The questionnaire included the patient’s employment status (5 alternatives: working full-time, part-time in percentage, unemployed and actively seeking employment, on parental leave/not working/retired, full-time sick-leave/disability pension), and for how long general post-concussion symptoms had been present (“How long did the problems you experienced after the concussion last?” 8 alternatives: a few days, 1 week, 1–4 weeks, 1–3 months, 3–6 months, 6–12 months, more than 1 year/still present, don’t remember) after the injury, and whether they had experienced a concussion previously, or did not know, prior to this specific event. The post also included the Mental Fatigue Scale (MFS), a self-assessment questionnaire developed to evaluate mental fatigue in patients with neurological disorders. The MFS comprises 14 questions for which the respondent is asked to indicate to what extent the particular item applies to his or her situation in the previous month. The scale has a cut-off > 10.5 and healthy controls report a total mean value of the MFS at a score of approximately 5 (19, 20).

The first questionnaires were sent out towards the end of October 2012. This allowed the patients to recover from possible acute post-concussion symptoms over at least a 4-month period. The Swedish personal identification number was retrieved for the included participants, making it possible to identify their posting address from the public population register administered by the Swedish Tax Agency.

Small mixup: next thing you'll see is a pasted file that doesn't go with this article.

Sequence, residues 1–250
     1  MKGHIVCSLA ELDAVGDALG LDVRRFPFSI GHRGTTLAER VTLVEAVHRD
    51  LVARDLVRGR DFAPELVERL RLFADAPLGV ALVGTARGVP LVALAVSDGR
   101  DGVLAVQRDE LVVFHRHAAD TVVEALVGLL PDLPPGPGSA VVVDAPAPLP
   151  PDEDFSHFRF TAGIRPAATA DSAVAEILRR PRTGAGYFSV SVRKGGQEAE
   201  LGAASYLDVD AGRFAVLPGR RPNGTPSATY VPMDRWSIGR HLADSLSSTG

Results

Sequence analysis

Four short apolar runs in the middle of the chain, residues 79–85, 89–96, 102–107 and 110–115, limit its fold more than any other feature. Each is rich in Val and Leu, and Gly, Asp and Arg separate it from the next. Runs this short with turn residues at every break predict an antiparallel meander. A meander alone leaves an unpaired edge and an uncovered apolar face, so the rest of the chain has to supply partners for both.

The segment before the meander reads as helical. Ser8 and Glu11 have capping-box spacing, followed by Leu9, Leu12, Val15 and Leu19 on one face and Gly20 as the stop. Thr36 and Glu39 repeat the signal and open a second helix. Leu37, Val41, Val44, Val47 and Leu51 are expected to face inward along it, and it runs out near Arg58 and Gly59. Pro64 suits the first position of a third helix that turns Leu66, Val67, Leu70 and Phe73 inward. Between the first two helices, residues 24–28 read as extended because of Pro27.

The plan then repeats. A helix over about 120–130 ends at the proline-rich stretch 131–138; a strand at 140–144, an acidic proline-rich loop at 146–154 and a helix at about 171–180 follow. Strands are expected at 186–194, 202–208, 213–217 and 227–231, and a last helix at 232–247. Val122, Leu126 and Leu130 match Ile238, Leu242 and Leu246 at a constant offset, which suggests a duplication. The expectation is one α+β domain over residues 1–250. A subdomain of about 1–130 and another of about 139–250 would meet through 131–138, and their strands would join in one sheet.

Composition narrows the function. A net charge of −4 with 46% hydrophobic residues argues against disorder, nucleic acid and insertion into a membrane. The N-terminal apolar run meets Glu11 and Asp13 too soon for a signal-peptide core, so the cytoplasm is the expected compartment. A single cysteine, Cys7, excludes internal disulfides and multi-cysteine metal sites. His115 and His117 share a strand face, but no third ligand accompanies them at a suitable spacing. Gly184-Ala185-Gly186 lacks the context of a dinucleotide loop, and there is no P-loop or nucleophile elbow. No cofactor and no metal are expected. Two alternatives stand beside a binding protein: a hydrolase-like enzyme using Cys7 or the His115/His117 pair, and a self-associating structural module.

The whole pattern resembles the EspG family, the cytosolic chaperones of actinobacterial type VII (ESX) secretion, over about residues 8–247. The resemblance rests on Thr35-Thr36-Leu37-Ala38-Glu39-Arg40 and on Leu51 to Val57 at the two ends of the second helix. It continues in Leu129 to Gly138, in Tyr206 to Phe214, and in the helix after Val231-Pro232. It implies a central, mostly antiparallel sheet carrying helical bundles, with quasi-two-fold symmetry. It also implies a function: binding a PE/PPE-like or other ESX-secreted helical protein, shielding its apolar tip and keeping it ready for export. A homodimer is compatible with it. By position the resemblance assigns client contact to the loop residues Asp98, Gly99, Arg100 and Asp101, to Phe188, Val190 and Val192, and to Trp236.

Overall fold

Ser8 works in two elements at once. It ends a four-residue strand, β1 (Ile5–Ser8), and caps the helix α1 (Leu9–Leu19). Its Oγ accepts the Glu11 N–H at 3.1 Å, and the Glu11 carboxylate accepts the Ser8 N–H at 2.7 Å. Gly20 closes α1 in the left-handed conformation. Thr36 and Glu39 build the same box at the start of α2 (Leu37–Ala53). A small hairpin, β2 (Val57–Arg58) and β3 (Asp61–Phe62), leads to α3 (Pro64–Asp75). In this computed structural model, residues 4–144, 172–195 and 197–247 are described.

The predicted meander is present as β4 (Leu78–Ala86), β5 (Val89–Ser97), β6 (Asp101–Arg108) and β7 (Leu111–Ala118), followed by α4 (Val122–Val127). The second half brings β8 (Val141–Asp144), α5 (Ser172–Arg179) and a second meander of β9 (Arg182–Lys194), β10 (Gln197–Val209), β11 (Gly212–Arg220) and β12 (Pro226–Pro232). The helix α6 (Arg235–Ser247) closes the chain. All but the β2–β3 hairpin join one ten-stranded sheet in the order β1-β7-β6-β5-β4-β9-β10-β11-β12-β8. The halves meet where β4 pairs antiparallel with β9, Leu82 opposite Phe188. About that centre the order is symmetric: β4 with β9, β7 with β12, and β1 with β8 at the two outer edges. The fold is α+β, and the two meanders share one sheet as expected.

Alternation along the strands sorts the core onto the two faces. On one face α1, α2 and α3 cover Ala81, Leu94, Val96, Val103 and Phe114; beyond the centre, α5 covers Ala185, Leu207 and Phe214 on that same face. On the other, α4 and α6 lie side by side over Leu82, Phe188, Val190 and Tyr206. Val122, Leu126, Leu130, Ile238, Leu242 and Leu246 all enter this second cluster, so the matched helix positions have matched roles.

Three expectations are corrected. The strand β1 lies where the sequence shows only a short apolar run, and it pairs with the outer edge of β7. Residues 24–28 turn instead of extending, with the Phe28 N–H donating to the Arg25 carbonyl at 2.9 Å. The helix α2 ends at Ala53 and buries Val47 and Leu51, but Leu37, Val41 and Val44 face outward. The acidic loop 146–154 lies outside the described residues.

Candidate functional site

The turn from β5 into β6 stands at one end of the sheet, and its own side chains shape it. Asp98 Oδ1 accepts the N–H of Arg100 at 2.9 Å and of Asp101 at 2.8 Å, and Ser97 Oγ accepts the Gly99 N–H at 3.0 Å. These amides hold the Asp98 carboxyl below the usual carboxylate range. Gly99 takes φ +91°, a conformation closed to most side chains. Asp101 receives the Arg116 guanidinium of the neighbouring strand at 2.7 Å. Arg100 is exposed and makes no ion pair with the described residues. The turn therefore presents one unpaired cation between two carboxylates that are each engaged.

Participants were asked to respond to the questionnaire and to the MFS, and to reply by post using a prepaid envelope. After the first post, 2 reminders were sent out to non-responding patients. No financial incentives or specific interventions were offered to the participants.

Patients who returned incomplete MFS questionnaires were asked to complete them. In these cases the missing data in the questionnaires were highlighted and were posted back to the patient together with a covering letter asking the patients to complete the highlighted blanks. Completed missing-data questionnaires were then added to the study. Incomplete MFS questionnaires were not included in the study, with the following exception: questionnaires with data missing on question 4 only were considered to be complete (i.e. the value 0 was imputed to this question (Fig. 1)). From our clinical experience, the main reason why patients do not answer this question regarding recovery after mental exhaustion is that they have little or no prior experience of mental exhaustion and are thus unable to give accurate information about recovery time. In these cases the question is not applicable to the patient, thus a value of 0 was assigned to this question when it was left unanswered. A total of 230 (38%) patients were recruited into the study via the criteria of returning completed MFS questionnaires by post, declaring themselves willing and able to participate, and having been correctly diagnosed (Fig. 1).

Fig. 1. Patients’ inclusion and participation in the study.